Each depositor insured to at least $250,000 per insured bank



Home > Consumer Protection > Consumer News & Information > FDIC Consumer News - Spring 2003




FDIC Consumer News - Spring 2003

Important Update: Changes in FDIC Deposit Insurance Coverage

The FDIC deposit insurance rules have undergone a series of changes starting in the fall of 2008. As a result, certain previously published information related to FDIC insurance coverage may not reflect the current rules. For details about the changes, visit Changes in FDIC Deposit Insurance Coverage. For more information about FDIC insurance, go to www.fdic.gov/deposit/deposits/index.html or call toll-free 1-877-ASK-FDIC (1-877-275-3342). For the hearing-impaired, the number is 1-800-925-4618.

Special Report on Fraud

Ten Simple Things You Can Do to Fight Fraud

1. Protect your Social Security number, credit card and debit card numbers, PINs (personal identification numbers), passwords and other personal information. A thief can use these details to order checks or credit cards, apply for loans or otherwise commit fraud using your name.

Among the preventive measures you can take: Don't provide financial and other personal information in response to an unsolicited phone call, fax, letter or e-mail—it could be from a fraud artist masquerading as a legitimate business person or government official. Be particularly cautious with your Social Security number (SSN). While your employer and financial institutions will need your SSN for tax purposes, you have the right to refuse requests for your SSN from merchants and service providers (who have other ways to identify you). Also, if your state puts SSNs on driver's licenses, find out if you can use another number.

Keep bank and credit card statements, tax returns, checks and other sensitive documents in a safe place at home. Shred these documents before discarding them.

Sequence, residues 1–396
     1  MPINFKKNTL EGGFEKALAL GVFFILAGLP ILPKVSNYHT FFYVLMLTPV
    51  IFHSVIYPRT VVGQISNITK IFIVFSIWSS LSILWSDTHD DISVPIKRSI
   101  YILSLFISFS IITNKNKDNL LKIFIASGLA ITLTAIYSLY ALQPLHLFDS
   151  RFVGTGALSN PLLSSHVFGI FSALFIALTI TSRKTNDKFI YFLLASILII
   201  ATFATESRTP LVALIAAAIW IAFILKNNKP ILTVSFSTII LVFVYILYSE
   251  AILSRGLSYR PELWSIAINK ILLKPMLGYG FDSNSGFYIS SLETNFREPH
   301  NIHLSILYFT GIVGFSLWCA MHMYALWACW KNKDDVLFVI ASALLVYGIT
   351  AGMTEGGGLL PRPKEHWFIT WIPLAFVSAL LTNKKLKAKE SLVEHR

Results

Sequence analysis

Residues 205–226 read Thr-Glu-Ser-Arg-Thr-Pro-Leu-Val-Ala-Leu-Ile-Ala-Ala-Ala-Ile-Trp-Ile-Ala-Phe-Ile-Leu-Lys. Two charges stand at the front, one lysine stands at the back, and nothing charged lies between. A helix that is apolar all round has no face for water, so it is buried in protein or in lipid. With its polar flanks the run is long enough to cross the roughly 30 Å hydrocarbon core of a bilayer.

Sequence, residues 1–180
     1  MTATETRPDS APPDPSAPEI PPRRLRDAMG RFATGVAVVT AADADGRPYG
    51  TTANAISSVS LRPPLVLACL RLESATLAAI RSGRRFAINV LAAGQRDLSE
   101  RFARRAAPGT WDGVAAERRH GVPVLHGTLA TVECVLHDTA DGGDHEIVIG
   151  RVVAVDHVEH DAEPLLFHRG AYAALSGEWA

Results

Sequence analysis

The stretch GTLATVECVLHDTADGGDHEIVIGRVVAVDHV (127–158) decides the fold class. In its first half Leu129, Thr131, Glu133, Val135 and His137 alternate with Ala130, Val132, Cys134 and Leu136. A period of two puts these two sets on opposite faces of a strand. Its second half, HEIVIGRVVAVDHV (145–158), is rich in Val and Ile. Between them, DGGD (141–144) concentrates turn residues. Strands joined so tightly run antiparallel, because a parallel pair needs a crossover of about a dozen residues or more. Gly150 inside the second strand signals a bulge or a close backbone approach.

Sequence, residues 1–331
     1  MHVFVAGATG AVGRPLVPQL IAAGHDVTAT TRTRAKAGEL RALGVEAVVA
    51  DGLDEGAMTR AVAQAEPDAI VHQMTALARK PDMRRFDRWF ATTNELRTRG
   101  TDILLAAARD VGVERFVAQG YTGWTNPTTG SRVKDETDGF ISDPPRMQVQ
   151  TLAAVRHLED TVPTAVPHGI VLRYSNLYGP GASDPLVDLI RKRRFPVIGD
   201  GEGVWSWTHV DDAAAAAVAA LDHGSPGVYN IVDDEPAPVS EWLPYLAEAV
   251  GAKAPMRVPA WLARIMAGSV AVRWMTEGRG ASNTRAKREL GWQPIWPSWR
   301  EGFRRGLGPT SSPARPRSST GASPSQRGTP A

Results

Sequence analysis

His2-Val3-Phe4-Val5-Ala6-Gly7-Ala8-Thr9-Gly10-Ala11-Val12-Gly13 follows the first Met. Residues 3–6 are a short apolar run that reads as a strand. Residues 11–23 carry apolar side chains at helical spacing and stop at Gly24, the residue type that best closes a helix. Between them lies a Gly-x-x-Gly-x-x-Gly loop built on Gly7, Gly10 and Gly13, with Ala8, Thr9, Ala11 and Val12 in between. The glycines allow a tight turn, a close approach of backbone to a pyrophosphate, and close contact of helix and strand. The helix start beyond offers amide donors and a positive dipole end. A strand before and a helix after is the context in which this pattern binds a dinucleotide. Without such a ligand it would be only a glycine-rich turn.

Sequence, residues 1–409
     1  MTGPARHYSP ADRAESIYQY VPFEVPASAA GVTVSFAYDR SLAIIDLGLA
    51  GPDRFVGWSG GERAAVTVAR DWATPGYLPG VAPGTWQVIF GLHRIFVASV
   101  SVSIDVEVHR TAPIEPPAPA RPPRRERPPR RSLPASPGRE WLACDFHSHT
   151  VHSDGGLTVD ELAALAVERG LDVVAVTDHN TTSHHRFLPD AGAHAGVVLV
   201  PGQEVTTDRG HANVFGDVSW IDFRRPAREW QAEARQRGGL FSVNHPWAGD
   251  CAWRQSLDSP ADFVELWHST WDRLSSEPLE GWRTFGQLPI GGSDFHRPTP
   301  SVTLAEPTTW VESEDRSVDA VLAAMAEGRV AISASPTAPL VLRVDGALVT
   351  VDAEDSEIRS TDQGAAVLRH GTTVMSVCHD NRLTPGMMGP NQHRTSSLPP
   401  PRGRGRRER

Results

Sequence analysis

Also choose PINs and passwords for your bank and Internet accounts that will be tough for someone else to figure out. Don't use your birth date or home address, for example. (More suggestions for guarding personal information appear elsewhere in this article and throughout our special report.)

2. Deal only with legitimate, reputable businesses. Try to do business with companies you already know or that have been recommended. Do your research before giving money or personal information to an unfamiliar merchant (or charity or any other organization). For example, contact your state's Attorney General's office or the Better Business Bureau and ask about complaints, lawsuits or other matters involving a company's reputation. To check out an unfamiliar banking institution, contact the FDIC (see "For General Information from Financial Regulators").

3.Get key details in writing and thoroughly check them out before agreeing to anything. Don't rely on a sales person's oral representations for a significant purchase or investment. Get as much written information as possible, including a contract, specifying cost information and your consumer rights. If a marketer refuses to supply written information or employs high-pressure sales tactics to get you to act fast, take that as your cue to say "goodbye."

4. Beware of "deals" requiring money up-front. "Congratulations, you've won a free vacation!" "Get rich quick—at no risk!" "We'll fix your credit problems—fast." Do these sound familiar? They're likely to be schemes to trick you into sending money or providing bank account information in exchange for promises of goods or services that will never be delivered. Be skeptical of any offer that's "free" or otherwise hard to believe and that, as a precondition, requires you to pay money (perhaps for a supposed "fee" or "tax").

5. Be extra careful when providing personal information over the telephone or Internet. Scam artists hide at the other end of the phone line or computer screen. So, don't give bank account information, Social Security numbers or personal data in response to an unsolicited phone call or e-mail. Remember that a legitimate company would never ask for passwords or other personal information by e-mail. Before providing credit card or other information to a Web site, confirm that the site is legitimate, not a copycat designed by a crook, by verifying that the Web site's address is an exact match for what appears in literature from the company or some other reliable source. You'd be wise to avoid an online merchant that doesn't list a phone number or physical address—possible signs that the Web site and its owners are fraudulent. Also look for assurances on the Web site about security procedures for safely transmitting and storing your credit card number, password and other personal information you're asked to provide.